• Carmen Macias

    On Sunday, our celebrant began his homily by thanking us and
    for the continuous prayers he received. He reminded us that a year ago this
    November, he had to return to his native home to attend the death of a family
    member. This came on a not so foreseeable
    time, due to immigration and the visa.

    This is where he
    referred to the First Reading from the Book of Exodus and the Gospel. He said
    that he was feeling alone even though he was with family; he was longing to
    return to California. This must be how
    the people of God felt, many needing to
    flee their homes for a better life for the family, war, or a death of a loved
    one, their lives being put on hold for nor fault of the their own, not knowing
    when they can be reunited with love ones.
    Therefore, he asked us to continue praying for all those of need who are
    in Exodus. He then proceed to use the
    Eucharistic Prayer II, and the flow was peaceful and when he laid his hands
    over the bread and wine, and the peaceful burst into a wonderful emotion.

  • Tim Logan

    It’s interesting that when we first started commenting they were very short comments. Now they are nearly book page size. :-) I think this is something that has been very helpful for me, in prior classes we didn’t necessarily share what we wrote for our papers. So we did not benefit from this groups sharing we are doing now. This I think is very much us sharing our light to each other and how we can then share that same light with strangers. I think most of us agree we have learn far more in our class interaction and what we read here then from the books; yes the books are still important, but in many ways we see what we read come alive in our words to each other. A reflection of our Liturgy. FYI, the last couple of pictures are from Shrine of Sainte Anne de Beaupre.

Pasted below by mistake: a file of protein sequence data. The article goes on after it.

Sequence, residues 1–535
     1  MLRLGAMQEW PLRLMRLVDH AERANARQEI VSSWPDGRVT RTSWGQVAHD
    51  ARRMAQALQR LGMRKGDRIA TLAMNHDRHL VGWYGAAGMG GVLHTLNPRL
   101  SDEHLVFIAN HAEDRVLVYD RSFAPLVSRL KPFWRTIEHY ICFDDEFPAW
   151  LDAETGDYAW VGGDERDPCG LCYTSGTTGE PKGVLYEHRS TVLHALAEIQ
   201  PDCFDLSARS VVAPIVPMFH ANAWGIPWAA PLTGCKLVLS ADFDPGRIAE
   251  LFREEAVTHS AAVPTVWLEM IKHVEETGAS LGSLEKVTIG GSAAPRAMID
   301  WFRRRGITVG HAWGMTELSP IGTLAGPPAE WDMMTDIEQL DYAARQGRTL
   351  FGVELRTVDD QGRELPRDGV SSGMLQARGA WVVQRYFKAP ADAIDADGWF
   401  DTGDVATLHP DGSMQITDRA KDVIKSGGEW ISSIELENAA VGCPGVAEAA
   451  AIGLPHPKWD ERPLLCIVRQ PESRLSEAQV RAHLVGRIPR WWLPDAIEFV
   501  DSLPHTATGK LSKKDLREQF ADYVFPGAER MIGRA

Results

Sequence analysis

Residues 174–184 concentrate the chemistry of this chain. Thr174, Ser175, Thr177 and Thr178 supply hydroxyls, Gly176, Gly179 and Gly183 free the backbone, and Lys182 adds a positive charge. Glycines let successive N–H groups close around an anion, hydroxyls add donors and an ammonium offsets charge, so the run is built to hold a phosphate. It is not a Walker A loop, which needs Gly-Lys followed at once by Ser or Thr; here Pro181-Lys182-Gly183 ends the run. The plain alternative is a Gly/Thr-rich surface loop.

https://uploads.disquscdn.com/images/53847d171a09528e8c3acf8c200e5bebd0ddc62fd9338fd706f2c61493ba9e7a.jpg

  • Frank Nguyen

    Last class session was fun and interesting. I became more and more interested in the readings.
    The optional reading on Mass Without Consecration gave the answer to my question what the words of consecration in the Eastern Rite as I sometimes attend the Byzantine Catholic Liturgy on special occasions. It was an eye opening document for me.

    I also appreciate the more the organized reading assignment based on topic of several books and handouts so the information given is more focused.

    I used to follow the Mass and read the Eucharistic Prayers during my first few years being catholic, but later on I am so used to the Eucharistic Prayer II that I no longer follow the text in the missalette. Learning more into the Eucharistic Prayers with the different prefaces gave me the answers to where the celebrant finds the texts during the Liturgy of the Eucharist.